"We had a fire here in Oshkosh three or four weeks ago in a house that was exceptionally full of debris and accumulation of trash," Mark Boettcher, a battalion chief with the Oshkosh Fire Department, said.

It's what firefighters call "a large fire load," and it causes the fire to grow bigger, faster.

"It's very difficult to fight a fire because it's hard for us to move around," Boettcher said.

While there are no official records of how many fire calls involve excessive clutter, Boettcher says it seems to be happening more.

"I think we see it more often than we have in the past," he said. "At least, it's more evident here lately."

"Throughout the 12 years I have seen a variety of issues regarding home conditions," Natalie Vandeveld, who works for the Outagamie County Health Department, said.

Including hoarding.

Besides the extreme fire danger, disease is another danger. Vandeveld tries to reach out and help residents.

"Definitely gaining access to the home has been a challenge," she said.

She says hoarding is triggered by other issues. It's a sensitive topic but a dangerous problem that friends and family shouldn't be afraid to address.

Link to Video
Continue reading
1633 Hits
0 Comments

Hoarding Blog from Houston

The hot new sydrome these days is hoarding -- people can't get enough reality TV shows about poor idiots who can't throw anything away, even if those people watching have to shove aside three boxes of 11-year-old Fuddrucker's receipts just to see the screen.

But things have gotten real, hoarding-wise, in the Houston burbs.

There was the fire at 34th and Antoine Friday night. Not a big blaze, but it did present its unique challenges, according to KPRC: "Fire crews said the home was stacked high with clutter, making it difficult to get inside and fight the fire," the station reports. (We're sure the "clutter" was absolutely important stuff that couldn't be tossed out under any circumstances.)

And then there's the home on Slash Pines Road in The Woodlands.



Authorities have blocked access to the house after one of the dozens of people working on it may have contracted hantavirus, a nasty rodent-related piece of business everyone would just as soon avoid.

The worker developed a respiratory illness, and tests will be done to see if it was caused by a hantavirus, the Houston Chronicle reported.

(Also involved: Friends of the Houston Public Library, which received a big book donation from the home before the hantavirus thing emerged.)

The Woodlands home is being featured in TLC's titled lovingly and subtly titled seriesHoarding: Buried Alive.

The show's website, by the way, features a "Hoarding Photo Game"a "Hoarder Or Just Messy?" quiz and a casting call in case you want to show the world your hoarding ways. ("For those willing to participate, we will offer assistance with finding licensed therapists as well as professional organizers who can offer support," the site says.)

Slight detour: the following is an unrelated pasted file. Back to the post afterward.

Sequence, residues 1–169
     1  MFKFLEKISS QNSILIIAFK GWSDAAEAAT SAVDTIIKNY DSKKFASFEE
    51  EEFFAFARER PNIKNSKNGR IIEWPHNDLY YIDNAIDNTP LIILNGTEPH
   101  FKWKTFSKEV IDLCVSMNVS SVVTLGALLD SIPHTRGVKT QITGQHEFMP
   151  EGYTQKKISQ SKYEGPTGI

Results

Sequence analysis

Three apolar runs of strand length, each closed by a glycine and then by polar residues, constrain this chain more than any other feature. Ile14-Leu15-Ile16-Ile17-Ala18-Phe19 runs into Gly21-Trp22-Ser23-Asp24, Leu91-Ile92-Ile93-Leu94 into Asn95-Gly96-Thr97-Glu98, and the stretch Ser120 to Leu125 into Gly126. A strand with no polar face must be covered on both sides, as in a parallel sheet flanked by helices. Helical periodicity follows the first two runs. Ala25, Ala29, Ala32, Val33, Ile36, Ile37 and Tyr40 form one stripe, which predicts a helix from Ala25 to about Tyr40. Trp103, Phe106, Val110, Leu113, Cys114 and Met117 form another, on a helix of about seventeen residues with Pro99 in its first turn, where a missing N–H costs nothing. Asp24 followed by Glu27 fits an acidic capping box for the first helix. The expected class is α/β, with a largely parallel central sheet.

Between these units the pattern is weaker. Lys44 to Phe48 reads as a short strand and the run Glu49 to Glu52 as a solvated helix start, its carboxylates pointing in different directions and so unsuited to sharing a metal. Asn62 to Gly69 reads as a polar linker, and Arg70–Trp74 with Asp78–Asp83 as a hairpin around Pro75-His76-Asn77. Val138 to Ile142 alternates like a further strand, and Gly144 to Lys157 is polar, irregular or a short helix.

We're sure the neighbors of the Slash Pines home are fully into the spirit of the hoarding show, and are not concerned at all about rats and mice running around spreading sickness.

The home remains quarantined.

Follow Houston Press on Facebook and on Twitter @HairBallsNews or @HoustonPress.
Continue reading
3386 Hits
0 Comments

Near Miss in Cluttered House

Near Miss 4/2010


Report Number: 10-0000726
Report Date: 04/26/2010


Event Description

We were responding to a mutual aid fire with a neighboring volunteer department. Our first two engines were the first on scene. Upon arrival we found a fully involved attached garage. The first engine company captain made the decision to knock down the fire with a 2 ½” pre-connected attack line. I (the second engine company) made the decision to gain entry into the home and started pulling ceiling to prevent extension. We had a hard time gaining access due to heavy smoke and clutter inside the home which prevented us from going as deep as we would have liked. The ceiling came down on top of us just as we had made it to the area where we were going to start pulling ceiling. This resulted in one member of the crew suffering a line of duty injury.

Lesson Learned

Command should have set up a safety officer who could have seen the roof deteriorating. Maintain knowledge of the time spent inside a building not accomplishing a task. There was lack of communication to command about the status of our crew. (Captain, 2010)
Continue reading
1567 Hits
0 Comments

New Castle basement hoarding challenges firefighters

New Castle basement hoarding challenges firefighters | Local News - WTAE Home.

Nobody was hurt, but firefighters had a big challenge on their hands early Monday morning in New Castle.

They broke a basement window to get inside a house on North Crawford Avenue.

Once they did that, they found a basement that was filled with items from the floor to the ceiling, calling it one of the worst cases of hoarding they've encountered.

But according to neighbor Eric Ritter, nobody has lived at the home for several years.

Ritter said he was not home when the fire began. As he returned, he saw smoke coming from the basement and called for help.